Wanna start a dotcom? Maybe Brent can help

The internet class of 2000 is back with a new investment fund. Online ideas gratefully received.

by
Last Updated: 31 Aug 2010

Those nostalgic for the heady days of the millennium will be heartened to hear that four of the original digerati are pooling their resources to launch an investment fund for…wait for it…internet start-ups. The one-time dot.com luminaries are Bebo co-founder, Michael Birch, lastminute co-founder Brent Hoberman, Pipex’s Peter Dubens and Jonathan Goodwin. The fund will be called PROfounders Capital. Err, great name guys...

The idea behind the fund is that back in the digital day, if you were in Clerkenwell and squinted very hard, Britain looked like it might be going the way of Silicon Valley with those who have made money in the industry putting something back and nurturing the next generation of entrepreneurs. However the idea of this positive feedback loop was ground into so much digital dust with the dot.com bust and the moneymen scuttled back to the City to sell bundled mortgages to people who didn’t understand what they were buying.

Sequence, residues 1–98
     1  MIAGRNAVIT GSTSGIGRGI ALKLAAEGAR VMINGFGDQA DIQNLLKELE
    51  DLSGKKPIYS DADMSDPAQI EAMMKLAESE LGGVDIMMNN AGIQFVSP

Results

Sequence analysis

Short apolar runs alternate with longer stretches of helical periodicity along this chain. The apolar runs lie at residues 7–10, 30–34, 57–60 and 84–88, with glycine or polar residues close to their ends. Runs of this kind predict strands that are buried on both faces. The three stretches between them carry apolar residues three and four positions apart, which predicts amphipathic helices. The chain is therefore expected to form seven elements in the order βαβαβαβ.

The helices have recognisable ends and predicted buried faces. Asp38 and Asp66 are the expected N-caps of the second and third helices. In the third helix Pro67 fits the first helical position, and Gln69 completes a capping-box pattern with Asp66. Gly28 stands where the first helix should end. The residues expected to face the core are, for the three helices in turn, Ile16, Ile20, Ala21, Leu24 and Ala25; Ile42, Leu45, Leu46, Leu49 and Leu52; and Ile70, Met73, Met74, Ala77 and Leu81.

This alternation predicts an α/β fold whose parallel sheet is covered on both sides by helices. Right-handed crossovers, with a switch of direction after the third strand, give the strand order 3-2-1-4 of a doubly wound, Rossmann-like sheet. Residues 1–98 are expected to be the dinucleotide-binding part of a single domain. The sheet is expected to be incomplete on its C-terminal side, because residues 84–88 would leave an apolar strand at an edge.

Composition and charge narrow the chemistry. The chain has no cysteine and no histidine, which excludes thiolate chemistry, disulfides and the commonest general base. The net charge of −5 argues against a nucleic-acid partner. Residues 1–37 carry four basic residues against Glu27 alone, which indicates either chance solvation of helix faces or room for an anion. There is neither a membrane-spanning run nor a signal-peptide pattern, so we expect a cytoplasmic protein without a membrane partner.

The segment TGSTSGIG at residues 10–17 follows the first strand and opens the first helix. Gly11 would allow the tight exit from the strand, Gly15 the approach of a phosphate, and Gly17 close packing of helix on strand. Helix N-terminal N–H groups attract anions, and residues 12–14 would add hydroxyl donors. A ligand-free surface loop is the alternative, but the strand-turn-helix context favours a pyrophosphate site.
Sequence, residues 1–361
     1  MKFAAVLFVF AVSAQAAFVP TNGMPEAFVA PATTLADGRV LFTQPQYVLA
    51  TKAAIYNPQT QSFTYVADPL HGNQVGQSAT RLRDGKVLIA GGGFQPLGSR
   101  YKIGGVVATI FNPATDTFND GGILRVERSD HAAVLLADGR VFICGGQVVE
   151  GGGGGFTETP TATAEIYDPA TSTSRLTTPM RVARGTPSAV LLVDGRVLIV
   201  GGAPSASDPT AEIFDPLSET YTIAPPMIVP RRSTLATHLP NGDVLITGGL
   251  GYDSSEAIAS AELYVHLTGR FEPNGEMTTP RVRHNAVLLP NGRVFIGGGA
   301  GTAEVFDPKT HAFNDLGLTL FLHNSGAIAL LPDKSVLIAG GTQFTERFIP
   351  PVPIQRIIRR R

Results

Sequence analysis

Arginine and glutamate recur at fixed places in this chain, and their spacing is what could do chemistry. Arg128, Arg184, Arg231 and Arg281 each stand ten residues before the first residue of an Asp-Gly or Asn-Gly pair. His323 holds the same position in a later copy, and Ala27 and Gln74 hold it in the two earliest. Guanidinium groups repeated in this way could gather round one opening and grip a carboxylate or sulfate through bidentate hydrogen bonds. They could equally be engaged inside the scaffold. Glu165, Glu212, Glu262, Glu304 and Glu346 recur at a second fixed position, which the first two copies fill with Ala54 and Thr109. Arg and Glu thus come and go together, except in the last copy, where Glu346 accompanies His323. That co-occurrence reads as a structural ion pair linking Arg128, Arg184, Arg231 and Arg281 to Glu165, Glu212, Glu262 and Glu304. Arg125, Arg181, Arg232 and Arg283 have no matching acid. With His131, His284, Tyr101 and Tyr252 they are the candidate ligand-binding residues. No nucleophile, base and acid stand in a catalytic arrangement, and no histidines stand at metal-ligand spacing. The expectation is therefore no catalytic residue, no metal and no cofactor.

But the four dot.com veterans believe they’ve spotted a gap in the market. The fund aims to raise money from entrepreneurs rather than institutions and the idea is to support start ups across Europe. It intends to focus on investments of between £0.5m and £1.5m – the idea being that there is a gap here which is too big for angel investors but too small for VCs.  The fund will be concentrating on digitally disruptive areas where Europe lags behind such as digital health and education. It has already raised £18m and has said that it aims to double this. 

Fine phrases such ‘by entrepreneurs for entrepreneurs’ and ‘nurturing the digital ecosystem’ are being bandied about with much muttering about they way things are done in Silicon Valley - although whether now is the time to change Europe’s rather risk averse attitude to new tech companies remains to be seen.

The fund will be managed by Sean Seton-Rogers, a former associate at Balderton Capital and Rogan Angelini-Hurll, an analyst who has worked at Salomons and Citigroup.  However as much of the commentary so far has come out of the mouth of the limelight loving last minute co-founder, one suspects Mr Seton Rogers and Mr Angelini-Hurll may discover that Mr Hoberman is not just an active investor, he can be a hyperactive one.

 

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